PDC 2008 in LA is over now, and like most PDCs, it definitely didn't disappoint on the technical front--Microsoft tossed out a whole slew of new technologies, ideas, releases, and prototypes, all with the eye towards getting bits (in this case, a Western Digital 160 GB USB hard drive) out to the developer community and getting back feedback, either through the usual channels or, more recently, the blogosphere.
These are the things I think I think about this past PDC:
- Windows 7 will be an interesting thing to watch--they handed out DVDs in both 32- and 64-bit versions, and it's somewhat reminiscent of the Longhorn DVDs of the last PDC. If you recall, Longhorn (what eventually became known as Vista) looked surprisingly good--if a bit unstable, something common to any release this early--for a while, then Vista itself pretty much fell flat. I think it will be interesting, as a social experiment, to look at what people say about Windows 7 now, compare it to what was said about Vista back in 2004 (which is I think when the last PDC was), and then compare what people say 1, 2 and 3 years after the PDC release.
- Azure dominated a lot of the focus, commensurate with the growing interest/hype around "the cloud". All of this sounds suspiciously familiar to me, thinking back to the early days of SOAP/WSDL, and the intense pressure for Web services to revolutionize IT as we know it. This didn't happen, largely for technical reasons at first (incompatibilities between toolkits most of all), then because people treated it as CORBA++ or DCOM-with-angle-brackets. Azure and "cloud computing" have a different problem: clear definition of purpose. I think too many people have no idea what "the cloud" really is for this to be something to pay much attention to just yet.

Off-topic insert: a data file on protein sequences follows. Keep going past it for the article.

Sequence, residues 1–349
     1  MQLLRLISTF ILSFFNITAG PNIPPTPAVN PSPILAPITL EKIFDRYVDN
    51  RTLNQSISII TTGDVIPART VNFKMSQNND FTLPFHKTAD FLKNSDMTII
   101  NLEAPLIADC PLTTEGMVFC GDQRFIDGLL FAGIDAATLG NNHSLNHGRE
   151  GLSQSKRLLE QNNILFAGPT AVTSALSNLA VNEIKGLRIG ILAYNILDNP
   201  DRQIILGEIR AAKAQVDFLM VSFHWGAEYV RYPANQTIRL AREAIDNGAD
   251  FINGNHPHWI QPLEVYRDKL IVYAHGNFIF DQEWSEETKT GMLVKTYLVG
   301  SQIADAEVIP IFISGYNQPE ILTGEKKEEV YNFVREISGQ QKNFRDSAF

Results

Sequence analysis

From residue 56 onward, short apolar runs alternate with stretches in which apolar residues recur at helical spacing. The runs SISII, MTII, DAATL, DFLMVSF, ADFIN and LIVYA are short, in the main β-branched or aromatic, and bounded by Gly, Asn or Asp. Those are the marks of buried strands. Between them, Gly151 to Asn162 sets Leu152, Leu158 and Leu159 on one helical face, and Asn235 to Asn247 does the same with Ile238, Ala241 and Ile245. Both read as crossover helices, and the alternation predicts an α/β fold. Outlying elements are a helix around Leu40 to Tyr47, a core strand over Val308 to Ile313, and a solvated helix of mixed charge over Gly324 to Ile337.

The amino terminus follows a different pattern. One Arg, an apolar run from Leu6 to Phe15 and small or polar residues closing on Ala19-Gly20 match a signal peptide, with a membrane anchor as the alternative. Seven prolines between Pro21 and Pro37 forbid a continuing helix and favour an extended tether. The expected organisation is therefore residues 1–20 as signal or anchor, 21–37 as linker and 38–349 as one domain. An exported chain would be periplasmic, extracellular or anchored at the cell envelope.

- Conference get-togethers and parties are becoming more and more lavish each year, as the various product teams challenge one another for the coveted title of The "Dude, were you there last night? It was amazing!" Party of PDC. For my money, that party was the party at the J Lounge on Wednesday night, complete with three floors of fun, including a wall-projected image of Rock Band, but--here's the rub--I couldn't tell you which team actually hosted the party. There was a Microsoft Dynamics CRM poster up in the middle of the gaming floor (bunch of XBox 360s, though not networked together, which I found disappointing), so I'm assuming it had something to do with them, but.... I think Microsoft product teams may want to consider saving some budget and instead of hiring six LA Lakers Cheerleaders to sit on a couch and allow drooling geeks to take pictures with them (no touching!), use the money to make the party--and the hosts--stick in my mind more effectively, or at least use it to hand out technical data on whatever it is they're building.
- The vendor floor competition for attention is getting a little cutthroat. DevExpress stole the show this year, importing--no joke--an actor, "Mini-Me", Vern, to essentially echo (badly) anything Mark Miller (dressed, of course, as Austin Powers' arch-nemesis Dr. Evil) tried to say about the most recent version of CodeRush. Granted, Mark's new "do" (and the absurdly large head that was hiding underneath) makes it easy for him to do a good Dr. Evil impression, but other than that, there was really nothing parallel in the situation--despite Mark's insistence on writing code with evil Flying Spaghetti Monsters or what not in it. I think if you're a vendor and you want to make a splash at PDC, you think long and hard about an effective tie-in, like Infragistics' clever "I flew 1500 miles for this T-shirt" they were giving away.